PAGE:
Politics has plagued railways for a very, very long time.
In fact, the one railway company that likes to boast about being Canada’s first trans-continental railway only became that way under political pressure.
It was back in 1881 when the CPR – Canadian Pacific Railway was incorporated. They built their ribbon of steel from eastern Canada to British Columbia between 1881 and 1885. British Columbia at the time was a separate colony when the CPR was formed.
In fact, the Colony of British Columbia was already 23 years old when the CPR came into existence. A series of gold rushes, which started in 1858 with the Fraser Canyon Gold Rush, brought thousands of miners to the region known as New Caledonia. It was because of the influx of new ‘temporary’ residents that the mainland was designated as the Colony of British Columbia.
The Offer To Join Confederation
The first Prime Minister of Canada - Sir John A. MacDonald - figures prominently in the politics of BC’s railways.
July 1, 1867 was his official first day in office however, he had been working on something called ‘confederation’ as far back as 1864. In the years that followed the formation of Canada as a new entity, MacDonald embarked on drawing the Colony of British Columbia into the fold.
But he needed a good sales pitch.
The suggestion of becoming part of a vast land mass, that was mostly centred in what is now the territory from Ontario to the Maritimes, must have sounded unattractive to BC.
Then Sir John A. started to grease the wheels.
You see, the Prime Minister had a political dream. It was promoted as the National Dream and for a few tense months it fluctuated between being a national nightmare to a national daydream.
The issue was how to get British Columbia on board. Pressure was coming from Quebec and Ontario where manufacturing companies were sprouting up everywhere and wanted access to the raw materials that still existed – mostly undiscovered – under the surface of the ground in a place known as the Colony of British Columbia.
Sir John A. had an ally in Sir Alexander Tilloch Galt. He was the owner of the North Western Coal and Navigation Company. He had buckets and buckets of raw material he wanted to get out to Quebec and Ontario.
At the time, British Columbia was only joined to eastern Canada by a four-month long sea voyage. Galt insisted that a land transportation link between British Columbia and the rest of Canada be a condition for joining Confederation. Originally, Galt wanted a wagon road but since the CPR was already a few thousand miles of track closer to BC…the Federal government proposed a railway.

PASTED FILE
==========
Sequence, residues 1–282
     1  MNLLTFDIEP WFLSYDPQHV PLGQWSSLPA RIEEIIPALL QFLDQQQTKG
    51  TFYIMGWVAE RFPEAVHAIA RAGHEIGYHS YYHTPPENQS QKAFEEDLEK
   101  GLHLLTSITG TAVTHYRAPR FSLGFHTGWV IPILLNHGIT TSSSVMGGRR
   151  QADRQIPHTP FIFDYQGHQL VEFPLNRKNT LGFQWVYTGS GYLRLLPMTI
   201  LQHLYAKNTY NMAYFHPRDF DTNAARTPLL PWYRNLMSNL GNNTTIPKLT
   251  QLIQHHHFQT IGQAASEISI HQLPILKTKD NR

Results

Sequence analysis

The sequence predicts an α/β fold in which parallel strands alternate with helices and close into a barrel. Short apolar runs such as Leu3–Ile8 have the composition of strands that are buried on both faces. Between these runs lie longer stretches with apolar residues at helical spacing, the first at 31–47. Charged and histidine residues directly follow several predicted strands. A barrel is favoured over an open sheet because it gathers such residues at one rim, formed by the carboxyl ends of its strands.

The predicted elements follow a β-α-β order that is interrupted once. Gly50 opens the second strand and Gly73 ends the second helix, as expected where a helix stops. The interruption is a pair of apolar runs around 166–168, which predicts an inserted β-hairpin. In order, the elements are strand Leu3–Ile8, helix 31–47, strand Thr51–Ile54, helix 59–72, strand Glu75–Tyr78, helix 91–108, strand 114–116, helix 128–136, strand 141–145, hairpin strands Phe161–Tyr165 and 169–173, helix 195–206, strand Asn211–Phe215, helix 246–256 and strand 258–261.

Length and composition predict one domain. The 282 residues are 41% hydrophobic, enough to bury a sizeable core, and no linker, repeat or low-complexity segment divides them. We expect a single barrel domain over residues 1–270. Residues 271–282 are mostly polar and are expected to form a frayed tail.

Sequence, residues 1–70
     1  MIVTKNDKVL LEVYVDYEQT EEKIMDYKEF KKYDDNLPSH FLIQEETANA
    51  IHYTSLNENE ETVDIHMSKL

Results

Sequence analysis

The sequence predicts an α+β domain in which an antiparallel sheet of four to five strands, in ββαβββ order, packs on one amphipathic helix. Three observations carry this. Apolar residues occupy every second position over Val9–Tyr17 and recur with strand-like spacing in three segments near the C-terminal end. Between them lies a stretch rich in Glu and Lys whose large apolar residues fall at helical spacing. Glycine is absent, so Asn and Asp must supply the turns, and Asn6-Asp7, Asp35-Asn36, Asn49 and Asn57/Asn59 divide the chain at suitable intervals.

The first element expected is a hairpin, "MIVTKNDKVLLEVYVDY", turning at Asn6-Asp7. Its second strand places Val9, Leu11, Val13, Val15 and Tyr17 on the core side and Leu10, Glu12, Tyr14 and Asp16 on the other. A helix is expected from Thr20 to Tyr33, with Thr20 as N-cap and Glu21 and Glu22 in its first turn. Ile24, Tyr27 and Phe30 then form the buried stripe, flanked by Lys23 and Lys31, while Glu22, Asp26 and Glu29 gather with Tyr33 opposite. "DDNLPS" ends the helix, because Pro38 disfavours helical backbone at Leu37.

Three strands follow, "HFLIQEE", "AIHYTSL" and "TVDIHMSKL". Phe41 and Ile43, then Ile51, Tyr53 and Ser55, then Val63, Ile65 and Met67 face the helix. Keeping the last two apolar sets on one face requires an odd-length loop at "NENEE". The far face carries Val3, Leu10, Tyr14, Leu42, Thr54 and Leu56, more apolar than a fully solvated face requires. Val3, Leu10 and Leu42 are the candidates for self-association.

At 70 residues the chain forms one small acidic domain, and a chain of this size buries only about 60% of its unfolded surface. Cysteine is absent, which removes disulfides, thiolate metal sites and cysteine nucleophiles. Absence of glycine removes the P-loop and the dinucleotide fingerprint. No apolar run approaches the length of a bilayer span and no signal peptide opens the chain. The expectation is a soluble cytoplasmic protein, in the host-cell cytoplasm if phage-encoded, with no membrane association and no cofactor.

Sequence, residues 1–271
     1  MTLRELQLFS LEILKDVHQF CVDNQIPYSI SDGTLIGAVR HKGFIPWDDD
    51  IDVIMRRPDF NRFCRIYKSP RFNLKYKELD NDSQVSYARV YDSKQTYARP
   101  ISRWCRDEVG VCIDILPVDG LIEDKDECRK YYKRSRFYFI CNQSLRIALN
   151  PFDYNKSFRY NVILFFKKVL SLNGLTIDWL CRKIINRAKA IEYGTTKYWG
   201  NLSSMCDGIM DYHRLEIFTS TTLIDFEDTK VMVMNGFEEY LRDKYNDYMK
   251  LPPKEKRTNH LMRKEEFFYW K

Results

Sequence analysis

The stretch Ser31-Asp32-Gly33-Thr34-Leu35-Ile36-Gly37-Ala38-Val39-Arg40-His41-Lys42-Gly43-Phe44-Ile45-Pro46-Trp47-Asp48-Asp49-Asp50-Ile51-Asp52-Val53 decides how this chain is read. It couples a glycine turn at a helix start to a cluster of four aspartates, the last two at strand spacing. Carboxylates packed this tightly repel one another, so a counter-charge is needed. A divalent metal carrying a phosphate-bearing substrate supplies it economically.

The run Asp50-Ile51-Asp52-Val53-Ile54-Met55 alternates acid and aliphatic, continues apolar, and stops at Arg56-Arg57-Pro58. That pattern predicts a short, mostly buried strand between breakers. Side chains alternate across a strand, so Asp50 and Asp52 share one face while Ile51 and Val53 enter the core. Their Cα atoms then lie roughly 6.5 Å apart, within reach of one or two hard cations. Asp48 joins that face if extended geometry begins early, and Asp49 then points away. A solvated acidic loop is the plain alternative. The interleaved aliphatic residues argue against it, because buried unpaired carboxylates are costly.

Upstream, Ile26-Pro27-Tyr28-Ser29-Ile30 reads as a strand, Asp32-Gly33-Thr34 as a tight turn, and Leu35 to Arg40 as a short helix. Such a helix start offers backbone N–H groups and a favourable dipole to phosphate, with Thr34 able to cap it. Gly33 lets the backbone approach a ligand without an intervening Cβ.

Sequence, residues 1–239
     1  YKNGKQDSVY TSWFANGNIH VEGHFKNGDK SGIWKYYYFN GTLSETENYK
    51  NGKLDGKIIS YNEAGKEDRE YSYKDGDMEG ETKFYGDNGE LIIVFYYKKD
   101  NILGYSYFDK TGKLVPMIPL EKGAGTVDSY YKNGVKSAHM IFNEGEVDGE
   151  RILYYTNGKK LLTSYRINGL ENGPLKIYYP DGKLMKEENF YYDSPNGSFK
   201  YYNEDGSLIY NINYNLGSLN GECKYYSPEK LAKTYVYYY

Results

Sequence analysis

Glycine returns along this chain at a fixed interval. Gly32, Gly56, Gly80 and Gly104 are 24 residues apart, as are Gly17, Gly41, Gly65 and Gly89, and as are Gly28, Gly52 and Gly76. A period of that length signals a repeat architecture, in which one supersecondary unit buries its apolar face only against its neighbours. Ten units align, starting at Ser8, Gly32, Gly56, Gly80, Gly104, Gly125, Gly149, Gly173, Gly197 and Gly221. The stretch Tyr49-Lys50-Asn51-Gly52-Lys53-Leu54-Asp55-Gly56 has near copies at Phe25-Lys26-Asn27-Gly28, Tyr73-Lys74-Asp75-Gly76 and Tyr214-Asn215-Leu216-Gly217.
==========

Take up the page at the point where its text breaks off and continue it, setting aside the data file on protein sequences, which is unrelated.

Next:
It sounded good on paper.
Then someone noticed that the Rocky Mountains were kinda rugged and kinda tall. The political wizards of the day felt the logical path of the Canadian National Rail line was through the American Midwest. However, as governments tend to do when they want things done, huge incentives started flowing along with the granting of massive pieces of land in the West.
Bribery and Scandal
It is interesting to note that at this time Canada’s first truly international railway was um, riding the rails of a political scandal.
It was in 1873 that the Conservative government was found to have awarded the construction contracts based on an interesting scale.
The biggest bribe offered got the contract.
And it should be no surprise to anyone that John A. MacDonald’s government was overthrown in office later that year – because of the system used to award contracts was a tad sneaky.
Enter Alexander Mackenzie’s Liberal party.
The actions of Sir John A’s government – accepting bribes for construction contracts - became known as the Pacific Scandal.
However, it was deemed okay to for the government to bribe the Colony of British Columbia with something called the National Dream.
Mining Forces The Need For More Rail Lines
By the 1880’s, Canada was finally united by a single railway. However, mining activity in British Columbia saw several smaller rail lines built. The Great Northern Railway was scooping a great deal of traffic and in 1896 CPR was forced – those are their words – to build a second rail line across BC, somewhat further south than their original line.
Enter the Kettle Valley Railway and more British Columbia railway politics.
Increasing mining activity in the province became the part of the supply and demand equation that turned some heads. The CPR route, completed in 1885 as a political promise – or a bribe – to bring British Columbia into Confederation in 1871, ran sort of through the lower midsection of the province. You know, below your beltline but not too low.
The heavy mining activity in BC at the time was quite a way below that belt line. CPR was missing out on some prime traffic and actually came under fire for not running their track along the Dewdney Trail.
The Path Of Least Resistance
Let’s look at that for a moment.
Dewdney and the Royal Engineers crossed the lower portion of BC on a path that was easy for foot traffic, pack horses and assorted other animals. You’d think that with a transportation route already established in the easiest location to go from ‘here to there’ that it was the most logical choice for a rail line.
Logic had nothing to do with it…it was all political.
After all, the fear when CPR ran steel into BC was that they were doing it to secure the territory in the name of Canada before anyone in the US caught wind of the gold rush activity in the Fraser and Similkameen.
Funny when you consider the majority of the miners heading to the Fraser and Similkameen were from The States to begin with. But there was no internet. There was no fax machine technology. The postal system was sketchy at best as was the quality of news reporting.
(Some things oddly have yet to change).
Keeping The Americans At Bay
Well, as soon as silver, and gold were discovered in southern BC, thousands of American prospectors flooded the region in 1887. The recently completed Northern Pacific Railway that ran down to Spokane was almost like a gift to these non-Canadian miners.